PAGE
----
“Look at this picture,” he said, showing me a photo of Jewish inmates with arms in the air, an image that has inspired one significant segment in the dance and clearly brings to mind recent demonstrations across the country as protestors, arms aloft, shouted, “Hands up, don’t shoot.”

“I choreographed that piece years before the current demonstrations, but unless audiences read the program, they’re not going to realize that,” Battle said. “It’s going to be very interesting to see how audiences interpret the piece. Jews and African-Americans in the audience may see something very different. They may view the piece either though the eyes of survivors or as a reflection of the current climate of anti-Semitism or racism. The unifying theme is injustice and history repeating itself.”

Battle said that throughout his life he has been deeply affected by learning about the Holocaust, first in a high school history class, and later as an audience member at Whoopi Goldberg’s eponymous 1984 one-woman Broadway show. In it, she tackled a range of characters, including a hard-bitten male junkie who visits the Anne Frank house in Amsterdam, reads the diary, and is transformed in some way by Anne’s innocence and optimism.

“There’s no way that character should feel a connection with Anne and yet he does,” Battle recalled. “My own visit to the Anne Frank house brought back the power of Whoopi’s performance. It also confirmed my own personal connection.”

While “No Longer Silent” is an abstract piece, it’s far less so than Battle’s other works. Similarly, though he’s employed orchestral music in the past, it’s rarely been as eclectic and complex as the Schulhoff piece and, most significantly, historic events have not served as the basis for the company’s choreography, with one notable exception, “Odetta,” a piece Battle recently commissioned about civil rights activist, singer and songwriter Odetta Holmes.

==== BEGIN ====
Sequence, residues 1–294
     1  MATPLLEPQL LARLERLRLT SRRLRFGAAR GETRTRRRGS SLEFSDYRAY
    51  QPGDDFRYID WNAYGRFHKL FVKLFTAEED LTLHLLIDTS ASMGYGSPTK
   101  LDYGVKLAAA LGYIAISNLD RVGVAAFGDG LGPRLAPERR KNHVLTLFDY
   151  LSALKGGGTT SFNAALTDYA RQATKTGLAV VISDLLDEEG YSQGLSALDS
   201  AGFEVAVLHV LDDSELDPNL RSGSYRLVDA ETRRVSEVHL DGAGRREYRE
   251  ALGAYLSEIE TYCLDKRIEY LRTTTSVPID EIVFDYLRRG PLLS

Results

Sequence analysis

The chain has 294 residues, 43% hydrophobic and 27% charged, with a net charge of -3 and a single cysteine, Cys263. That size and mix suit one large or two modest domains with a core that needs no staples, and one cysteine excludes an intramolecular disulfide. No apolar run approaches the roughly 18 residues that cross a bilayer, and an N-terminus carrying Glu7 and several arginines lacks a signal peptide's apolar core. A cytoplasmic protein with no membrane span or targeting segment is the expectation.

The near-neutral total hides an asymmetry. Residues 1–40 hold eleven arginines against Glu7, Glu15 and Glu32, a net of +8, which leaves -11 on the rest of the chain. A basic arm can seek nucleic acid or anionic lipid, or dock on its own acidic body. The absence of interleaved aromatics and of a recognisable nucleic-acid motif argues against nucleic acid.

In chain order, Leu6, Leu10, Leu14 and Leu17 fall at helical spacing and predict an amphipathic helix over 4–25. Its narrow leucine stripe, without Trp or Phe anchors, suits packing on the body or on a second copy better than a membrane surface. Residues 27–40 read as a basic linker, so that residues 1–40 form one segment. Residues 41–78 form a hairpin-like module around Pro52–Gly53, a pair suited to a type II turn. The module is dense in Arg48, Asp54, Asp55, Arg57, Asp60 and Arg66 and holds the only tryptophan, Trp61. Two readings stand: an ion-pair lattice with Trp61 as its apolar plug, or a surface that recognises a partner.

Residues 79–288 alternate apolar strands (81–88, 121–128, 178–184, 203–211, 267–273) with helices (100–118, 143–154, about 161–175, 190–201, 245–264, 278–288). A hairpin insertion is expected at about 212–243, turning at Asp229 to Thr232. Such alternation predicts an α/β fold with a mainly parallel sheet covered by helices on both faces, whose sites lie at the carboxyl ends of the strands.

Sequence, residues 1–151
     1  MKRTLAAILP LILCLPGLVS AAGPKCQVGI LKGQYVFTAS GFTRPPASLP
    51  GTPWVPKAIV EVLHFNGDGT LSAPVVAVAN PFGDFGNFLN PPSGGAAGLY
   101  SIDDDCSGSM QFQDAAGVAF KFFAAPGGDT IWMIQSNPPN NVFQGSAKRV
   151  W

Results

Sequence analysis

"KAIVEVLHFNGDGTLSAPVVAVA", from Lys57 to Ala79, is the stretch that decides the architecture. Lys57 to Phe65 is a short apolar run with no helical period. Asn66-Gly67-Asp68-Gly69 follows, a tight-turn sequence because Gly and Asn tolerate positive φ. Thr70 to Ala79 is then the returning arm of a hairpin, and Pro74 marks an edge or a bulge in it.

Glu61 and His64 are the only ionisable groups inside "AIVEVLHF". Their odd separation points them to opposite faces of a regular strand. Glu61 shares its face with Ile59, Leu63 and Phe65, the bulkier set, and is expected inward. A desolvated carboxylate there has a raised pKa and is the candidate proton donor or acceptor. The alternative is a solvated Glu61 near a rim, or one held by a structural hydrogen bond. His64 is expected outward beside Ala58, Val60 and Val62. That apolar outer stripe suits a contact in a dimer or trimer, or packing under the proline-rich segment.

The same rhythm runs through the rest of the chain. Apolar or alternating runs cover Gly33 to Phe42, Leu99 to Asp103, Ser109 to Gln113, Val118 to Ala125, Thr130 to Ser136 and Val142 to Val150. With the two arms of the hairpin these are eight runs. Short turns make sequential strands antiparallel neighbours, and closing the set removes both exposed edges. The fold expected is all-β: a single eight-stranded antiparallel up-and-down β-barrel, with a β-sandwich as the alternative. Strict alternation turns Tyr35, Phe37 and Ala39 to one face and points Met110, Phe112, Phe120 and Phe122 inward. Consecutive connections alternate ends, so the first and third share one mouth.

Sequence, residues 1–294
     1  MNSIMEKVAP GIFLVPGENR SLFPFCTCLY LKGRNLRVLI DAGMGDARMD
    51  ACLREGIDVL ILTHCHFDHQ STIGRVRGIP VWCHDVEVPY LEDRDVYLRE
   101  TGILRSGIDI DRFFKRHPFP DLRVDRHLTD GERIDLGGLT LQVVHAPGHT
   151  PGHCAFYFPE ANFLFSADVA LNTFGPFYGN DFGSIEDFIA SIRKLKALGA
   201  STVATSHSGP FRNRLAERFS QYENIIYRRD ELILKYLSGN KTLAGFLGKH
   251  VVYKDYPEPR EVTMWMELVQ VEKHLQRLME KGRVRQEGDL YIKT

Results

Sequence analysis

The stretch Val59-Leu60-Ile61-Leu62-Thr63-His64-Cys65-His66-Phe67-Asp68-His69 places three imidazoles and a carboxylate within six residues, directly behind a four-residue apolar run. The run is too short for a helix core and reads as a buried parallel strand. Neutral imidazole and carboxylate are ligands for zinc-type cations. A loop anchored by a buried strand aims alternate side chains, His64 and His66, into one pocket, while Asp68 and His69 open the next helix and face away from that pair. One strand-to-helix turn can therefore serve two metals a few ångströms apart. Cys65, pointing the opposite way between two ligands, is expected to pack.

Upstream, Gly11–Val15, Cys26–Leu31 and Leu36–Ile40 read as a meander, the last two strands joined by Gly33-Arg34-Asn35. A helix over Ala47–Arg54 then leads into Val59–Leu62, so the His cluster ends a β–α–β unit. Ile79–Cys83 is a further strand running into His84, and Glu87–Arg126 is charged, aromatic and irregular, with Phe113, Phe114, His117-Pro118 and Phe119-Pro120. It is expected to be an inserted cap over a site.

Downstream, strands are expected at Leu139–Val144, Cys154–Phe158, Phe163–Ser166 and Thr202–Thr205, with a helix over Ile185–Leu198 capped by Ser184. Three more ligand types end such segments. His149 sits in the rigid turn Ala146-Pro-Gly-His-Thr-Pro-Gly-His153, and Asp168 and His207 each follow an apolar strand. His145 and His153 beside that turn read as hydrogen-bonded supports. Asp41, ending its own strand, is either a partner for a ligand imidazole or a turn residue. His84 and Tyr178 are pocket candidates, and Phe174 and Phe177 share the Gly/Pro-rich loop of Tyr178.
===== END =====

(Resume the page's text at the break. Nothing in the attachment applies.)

Both “Odetta” and now “No Longer Silent” represent the company’s new and intensified interest in outreach and education. “In an era of social unrest these pieces are especially timely,” Battle said. “Also, they go back to the roots of modern dance, which has always been very concerned with social justice issues.”

Asked what he’d like audiences to think or feel after viewing “No Longer Silent,” Battle says, “When someone comes up to me after a performance and says it made him feel or see something totally unexpected, something I never even thought about, that’s a great response. That’s what I like to hear.”


Source: Nicolas Rapold, The New York Times, May 12, 2015

The Hungarian film “Saul Fia” (Son of Saul) takes place in a hell within hell: the world of the Sonderkommandos, the Jews in Auschwitz who were forced to dispose of the dead. Separated from the general population of prisoners, they manned the crematories, and were themselves purged every few months. The routine epitomizes a death camp where, as Primo Levi wrote in “Survival in Auschwitz,” “many social habits and instincts are reduced to silence.”

Auschwitz would be a grim challenge for any filmmaker to portray, but “Son of Saul” is in fact a debut feature, by the Hungarian director Laszlo Nemes. His unusual Holocaust drama is a rare first film selected for the competition at the Cannes International Film Festival.

“Laszlo Nemes shows what we thought would be impossible to show in a fiction film, an extermination camp at work, as a factory of death,” said the film historian and critic Antoine de Baecque. “By following the specific gaze of a cog inside this machinery,” he added, “the movie successfully adopts, with discipline and fairness, the only possible representation of a tragedy morally unfilmable.”

In writing and directing the story, Mr. Nemes, 38, sought a clear-eyed realism about horrors that remain painful to imagine. Set over a 36-hour period in October 1944, “Son of Saul” hews to the perspective of Saul Auslander, a fictional member of a Sonderkommando unit. One day, Saul thinks he recognizes his lost son among the dead to be cremated, and his obsessive efforts to bury the boy puts him in conflict with prisoners who are plotting a rebellion.